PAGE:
Transparent Things, by Vladimir Nabokov

Six stars

After reading Vladimir Nabokov’s (in)famous. Lolita, I chose to find another piece of the author’s writing to see if I could find a balance to offer a better, well-rounded sentiment. I turned to this novella—Nabokov’s shortest piece—in hopes that it would provide me with something to get to the core of the Nabokov writing style without needing to splice out some of the more controversial aspects of the story. This story pertains to the life of Hugh Person, a young publisher who is sent to Switzerland to interview a prominent figure. Clumsy beyond belief, Hugh does his best to complete the work assigned, but ends up falling in love with a local woman, Armande, along the way. Their love sees them return to New York, though Hugh is not one to lay down too many roots and ends up in a heap of trouble, which only leads to more headache and a final return to Europe. Back in Switzerland, Hugh must come to terms with the entirety of his life. With a deceptive title, this was anything but clear, even though the book is barely one hundred pages. Not the comparative piece I had hoped to use to flesh out my sentiments about Vladimir Nabokov.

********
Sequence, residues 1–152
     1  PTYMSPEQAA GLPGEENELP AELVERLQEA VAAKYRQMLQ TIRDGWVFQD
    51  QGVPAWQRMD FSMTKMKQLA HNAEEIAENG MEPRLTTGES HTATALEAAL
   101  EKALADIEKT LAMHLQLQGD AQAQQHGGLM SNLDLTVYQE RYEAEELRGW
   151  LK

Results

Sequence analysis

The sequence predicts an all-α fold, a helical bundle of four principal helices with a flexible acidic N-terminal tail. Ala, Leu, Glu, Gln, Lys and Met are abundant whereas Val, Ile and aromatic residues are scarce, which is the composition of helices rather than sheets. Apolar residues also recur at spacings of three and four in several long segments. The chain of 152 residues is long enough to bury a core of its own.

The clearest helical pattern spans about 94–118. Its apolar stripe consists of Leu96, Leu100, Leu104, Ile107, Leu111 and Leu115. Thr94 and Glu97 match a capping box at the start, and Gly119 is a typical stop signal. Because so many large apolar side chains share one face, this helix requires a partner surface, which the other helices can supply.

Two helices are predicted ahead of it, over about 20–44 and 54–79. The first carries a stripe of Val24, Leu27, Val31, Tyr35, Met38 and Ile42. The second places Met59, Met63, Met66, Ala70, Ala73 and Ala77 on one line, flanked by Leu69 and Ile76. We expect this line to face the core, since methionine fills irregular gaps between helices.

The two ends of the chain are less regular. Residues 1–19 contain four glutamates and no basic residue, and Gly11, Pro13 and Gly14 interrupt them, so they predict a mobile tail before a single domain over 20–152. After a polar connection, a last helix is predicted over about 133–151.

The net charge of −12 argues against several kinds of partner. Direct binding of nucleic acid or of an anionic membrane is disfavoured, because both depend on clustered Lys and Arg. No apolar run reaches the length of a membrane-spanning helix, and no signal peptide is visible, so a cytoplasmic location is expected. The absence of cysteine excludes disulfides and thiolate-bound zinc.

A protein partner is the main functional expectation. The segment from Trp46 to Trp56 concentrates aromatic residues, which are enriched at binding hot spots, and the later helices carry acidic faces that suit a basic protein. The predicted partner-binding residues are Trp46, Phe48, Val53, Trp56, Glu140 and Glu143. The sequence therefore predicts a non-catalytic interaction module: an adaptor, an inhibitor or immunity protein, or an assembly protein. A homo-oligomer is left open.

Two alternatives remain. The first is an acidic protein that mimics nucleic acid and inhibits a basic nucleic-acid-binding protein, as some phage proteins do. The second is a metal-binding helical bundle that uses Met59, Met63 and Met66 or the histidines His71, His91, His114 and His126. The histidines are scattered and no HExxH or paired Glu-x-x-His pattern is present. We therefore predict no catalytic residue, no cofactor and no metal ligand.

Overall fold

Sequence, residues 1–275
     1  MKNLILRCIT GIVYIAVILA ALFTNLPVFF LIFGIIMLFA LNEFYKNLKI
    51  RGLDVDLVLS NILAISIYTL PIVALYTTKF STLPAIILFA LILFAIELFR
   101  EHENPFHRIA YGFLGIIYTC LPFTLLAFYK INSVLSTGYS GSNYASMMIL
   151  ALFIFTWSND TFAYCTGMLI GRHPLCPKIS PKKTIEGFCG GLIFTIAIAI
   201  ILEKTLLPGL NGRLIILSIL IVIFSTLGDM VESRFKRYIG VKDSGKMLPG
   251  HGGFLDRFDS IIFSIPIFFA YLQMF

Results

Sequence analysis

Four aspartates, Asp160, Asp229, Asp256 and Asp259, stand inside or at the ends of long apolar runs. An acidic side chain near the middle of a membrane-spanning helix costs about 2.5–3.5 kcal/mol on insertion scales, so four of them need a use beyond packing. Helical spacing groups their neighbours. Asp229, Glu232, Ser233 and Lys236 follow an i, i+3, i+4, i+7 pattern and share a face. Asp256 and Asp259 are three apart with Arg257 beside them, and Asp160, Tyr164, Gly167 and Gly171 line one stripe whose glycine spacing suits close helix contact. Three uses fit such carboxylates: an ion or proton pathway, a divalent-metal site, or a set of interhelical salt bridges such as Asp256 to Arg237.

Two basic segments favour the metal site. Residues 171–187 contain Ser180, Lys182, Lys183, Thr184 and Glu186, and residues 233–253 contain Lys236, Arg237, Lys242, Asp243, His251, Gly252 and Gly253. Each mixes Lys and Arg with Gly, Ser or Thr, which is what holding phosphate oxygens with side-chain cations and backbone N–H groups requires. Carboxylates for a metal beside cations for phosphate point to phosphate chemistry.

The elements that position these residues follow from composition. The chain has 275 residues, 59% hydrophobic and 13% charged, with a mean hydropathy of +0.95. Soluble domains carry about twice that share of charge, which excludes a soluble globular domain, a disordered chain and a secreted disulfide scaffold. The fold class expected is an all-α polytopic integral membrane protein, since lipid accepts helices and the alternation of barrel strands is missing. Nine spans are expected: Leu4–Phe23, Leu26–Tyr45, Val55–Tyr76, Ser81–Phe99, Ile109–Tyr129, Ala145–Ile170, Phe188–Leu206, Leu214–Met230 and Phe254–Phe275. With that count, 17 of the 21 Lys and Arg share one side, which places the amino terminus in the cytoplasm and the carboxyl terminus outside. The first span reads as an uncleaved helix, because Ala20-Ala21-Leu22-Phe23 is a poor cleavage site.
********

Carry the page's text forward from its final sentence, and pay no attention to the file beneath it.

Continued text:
I had high hopes that I would come out of this short piece with a stronger connection to the Nabokovian writing style and one in which the reader is not subjected to illegal thoughts and action on each page. However, rather than see paedophilia, I was subjected to random thoughts strung together in ways that made little sense to me. To call it confusing would be an understatement, though perhaps it is my problem for trying to make sense of Russian literature. Nabokov creates a dense and opaque narrative at best, using characters who seem not to go much of anywhere. At least in Lolita I could see the path and the troubles that lay ahead. Here, I am left to ponder what I, the reader, am doing on this journey. I am still hoping to find that balance (now between two pieces by the author) to see if it is me, or whether Vladimir Nabokov is an author whose writing and style is best left out of my reading bubble.

Kudos, Mr. Nabokov, for confusing me from the outset and throughout. I am thoroughly flustered now, more than I was with the incestuous book that piqued my curiosity in your work to begin this journey.

A Book for All Seasons, a different sort of Book Challenge: